Joyce Eaton Pennington ('72) arrived on the North Texas campus for Freshman Orientation on a bright sunny day as an undecided major. Her best friend, Eddie Lou Judge, who was on the Haltom High School drill team with Pennington, encouraged her to choose physical education as a major, as she had.
"P.E. has shorter registration lines," Judge told her. "We will be out in an hour and we can go to the lake."
So Pennington followed suit and majored in P.E., which included dance classes (the only dance program at the time). That fateful decision put her on a path to becoming a high school dance team teacher and the originator of the NBA Dallas Mavericks Dancers, which she served as director for five years.
Now she's the president and chief executive officer of American Dance/Drill Team, one of the most prominent drill team education companies in the nation. The Salado company hosts camps and clinics and a yearly competition at UNT.
"Not everybody goes into college with a perfect game plan, but I'm glad I had so much support and fabulous professors," says Pennington, who received the Lifetime Achievement Award from the Texas Dance/Educators Association in 1995 and was inducted into the Texas Drill Team Hall of Fame in 2000.
At her first year at UNT, Pennington says she and others interested in dance found help and camaraderie with their P.E. classmates who were more focused on sports.
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"I said, 'Look, next year you have to take folk dance and modern dance. If you help us learn basketball and volleyball, we'll help you with dance," she says.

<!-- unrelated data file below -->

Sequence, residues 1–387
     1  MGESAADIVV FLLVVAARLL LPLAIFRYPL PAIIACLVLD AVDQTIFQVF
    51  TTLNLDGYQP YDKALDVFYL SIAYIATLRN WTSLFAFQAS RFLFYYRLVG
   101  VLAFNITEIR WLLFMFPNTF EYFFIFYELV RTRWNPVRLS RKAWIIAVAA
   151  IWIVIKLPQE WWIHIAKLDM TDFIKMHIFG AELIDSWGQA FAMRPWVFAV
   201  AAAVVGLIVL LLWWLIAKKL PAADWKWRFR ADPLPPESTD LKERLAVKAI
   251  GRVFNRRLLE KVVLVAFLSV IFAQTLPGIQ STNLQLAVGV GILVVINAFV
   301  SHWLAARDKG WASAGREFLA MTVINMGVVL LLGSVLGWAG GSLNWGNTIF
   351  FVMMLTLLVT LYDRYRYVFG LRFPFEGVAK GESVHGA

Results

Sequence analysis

The deal worked. Instructors Jean Pekara and Nancye Hood had been concerned she would have trouble making it through the program because she was not a high school athlete and had not competed in sports. But they told her she proved them wrong.
"They let me know I defied the odds," she says. "It meant a lot to me."
After she graduated, Pennington, who minored in English, went on to teach English and then P.E. and dance for 10 years -- first in the Denison ISD, where she met her husband, C.R. Pennington, and then in the Garland ISD.
As a drill team instructor for those schools, she took her students to camps run by the American Dance/Drill Team. The company works with schools, colleges, dance studios and other organizations to fine-tune drill team dancing, known for its precision dance and high kicks. In 1977, she became an instructor for the organization. Four years later, the company offered her a spot as executive vice president.
"It was a very difficult decision for me to take on an executive role because I loved teaching," she says. "But this was a once in a lifetime opportunity."
In 1984, she and her husband, who worked in the clothing industry, bought the company. Now their two sons and granddaughter work for them and they have 150 contract employees nationwide who conduct dance team workshops, summer camps and judge competitions.
The highlight of the year is the spring national/international competition that brings teams from as far away as Australia, Japan and South Africa to UNT -- and brings Pennington back to campus.
"I wake up every morning realizing how lucky I am to have a job in such an incredible field," she says.